Peace Tower by Clara HALTER :
From cuneiform characters to today's alphabets, is there a more
universal means of expression than writing – those enigmatic
signs, engraved or drawn on clay or paper, lined up and charged
It is this ancient art form – so communicative and yet so
intimate – that I have chosen to express myself.
That is how I came to design, with the complicity of my friend
and architect Jean-Michel Wilmotte, the Wall for Peace monument
in Paris. Glass walls covered with a single word in 32 languages
and 18 alphabets: PEACE. “Peace” repeated ad infinitum
as if to ward off all forms of violence, all wars.
But at a time when the planet is ablaze, building peace monuments
may seem derisory, even chimerical.
And yet, no matter how convinced we are peace will not prevail
in our lifetime, we couldn't live without fighting the battle.
Despite the uncertainty, each new generation must continue the
And it's precisely because we feel that we'll never see the end
of it that we must start again and again, continue indefinitely.
Because it is vital. Because art will be elevated.
The Peace Tower by Jean-Michel WILMOTTE :
The project to build a Peace Tower on Sennaya Square for Saint
Petersburg's Tercentenary celebration is in keeping with the work
Clara Halter and I carried out in 2000 when we created the Wall
for Peace on the Champ de Mars in Paris.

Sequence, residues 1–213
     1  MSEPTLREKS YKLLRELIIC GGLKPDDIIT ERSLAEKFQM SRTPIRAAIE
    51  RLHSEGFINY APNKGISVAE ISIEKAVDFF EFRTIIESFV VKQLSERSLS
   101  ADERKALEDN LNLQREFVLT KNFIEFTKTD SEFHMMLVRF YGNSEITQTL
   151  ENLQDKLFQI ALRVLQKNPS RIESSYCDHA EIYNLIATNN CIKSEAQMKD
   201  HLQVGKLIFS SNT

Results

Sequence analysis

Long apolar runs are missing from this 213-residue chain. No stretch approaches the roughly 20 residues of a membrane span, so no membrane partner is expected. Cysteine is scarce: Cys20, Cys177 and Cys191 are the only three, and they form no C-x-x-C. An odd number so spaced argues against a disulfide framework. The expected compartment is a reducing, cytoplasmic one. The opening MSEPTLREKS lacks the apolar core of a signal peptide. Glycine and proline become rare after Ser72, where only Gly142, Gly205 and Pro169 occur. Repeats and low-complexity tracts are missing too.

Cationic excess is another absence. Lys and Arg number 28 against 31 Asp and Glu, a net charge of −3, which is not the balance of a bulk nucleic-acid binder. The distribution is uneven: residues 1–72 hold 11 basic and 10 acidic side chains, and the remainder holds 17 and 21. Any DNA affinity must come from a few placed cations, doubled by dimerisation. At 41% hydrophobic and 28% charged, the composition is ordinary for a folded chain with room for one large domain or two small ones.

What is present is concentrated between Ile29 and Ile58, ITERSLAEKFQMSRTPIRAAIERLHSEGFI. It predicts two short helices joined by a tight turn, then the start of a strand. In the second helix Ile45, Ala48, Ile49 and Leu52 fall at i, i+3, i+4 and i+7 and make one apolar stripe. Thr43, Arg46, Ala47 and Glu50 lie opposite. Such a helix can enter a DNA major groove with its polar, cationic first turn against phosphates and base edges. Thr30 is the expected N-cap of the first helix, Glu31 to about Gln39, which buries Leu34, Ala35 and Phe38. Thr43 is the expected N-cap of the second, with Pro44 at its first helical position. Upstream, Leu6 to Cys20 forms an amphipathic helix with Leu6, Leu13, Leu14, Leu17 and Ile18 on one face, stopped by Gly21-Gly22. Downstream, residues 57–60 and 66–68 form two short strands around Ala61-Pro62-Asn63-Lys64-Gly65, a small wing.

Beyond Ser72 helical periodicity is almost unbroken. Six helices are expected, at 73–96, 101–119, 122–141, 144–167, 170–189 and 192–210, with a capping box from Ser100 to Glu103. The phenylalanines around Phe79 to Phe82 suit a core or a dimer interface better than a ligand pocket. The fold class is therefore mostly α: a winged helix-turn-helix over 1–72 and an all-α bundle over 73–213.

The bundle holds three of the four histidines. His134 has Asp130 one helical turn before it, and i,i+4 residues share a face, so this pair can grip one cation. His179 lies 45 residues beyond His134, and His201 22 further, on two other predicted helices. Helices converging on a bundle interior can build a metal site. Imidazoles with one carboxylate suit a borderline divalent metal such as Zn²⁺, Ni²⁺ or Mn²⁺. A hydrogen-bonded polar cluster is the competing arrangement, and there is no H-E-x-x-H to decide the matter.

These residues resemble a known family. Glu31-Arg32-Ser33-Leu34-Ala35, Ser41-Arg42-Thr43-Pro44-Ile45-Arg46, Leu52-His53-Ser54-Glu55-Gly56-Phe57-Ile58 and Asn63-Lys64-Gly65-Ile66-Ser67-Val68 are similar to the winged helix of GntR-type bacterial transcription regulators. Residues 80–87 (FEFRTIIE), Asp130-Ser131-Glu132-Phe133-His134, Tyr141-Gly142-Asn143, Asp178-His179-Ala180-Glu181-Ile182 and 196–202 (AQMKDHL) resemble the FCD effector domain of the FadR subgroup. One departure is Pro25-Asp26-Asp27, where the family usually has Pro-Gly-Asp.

As was the case three years earlier, I wanted to create an original
setting for Clara's writing, where she experiments with letters
ranging from the infinitely small to the infinitely big, defying
our reading comfort. But this time, the specific volume of Sennaya
Square called for a different structure. A wall with dominant horizontal
lines designed for the large open space of the Champs de Mars was
not appropriate. Rather, a vertical vector was needed, a tall slender
shape to blend in with the buildings around the square. This led
to the idea of erecting an 18-metre-high tower that would not be
higher than the surrounding edifices.
Likewise, the design on the tower pedestal, in the shape of a teardrop,
was determined by the route followed by the traffic on the square.
Thus, the tower was conceived to harmonise with the existing high-quality
urban and architectural web. This was also my main concern when
I recently examined a new lighting project for the canals of Saint
The tower project also differed from that of Paris in that the
construction could be enhanced and renewed. Indeed, the pedestal
at the foot of the tower has been designed to bear the signatures
of politicians, economists, intellectuals and artists who will visit
the Peace Tower and adhere to what it symbolises. The tower will
therefore become increasingly significant as influential visitors
come and declare their commitment to the peace cause.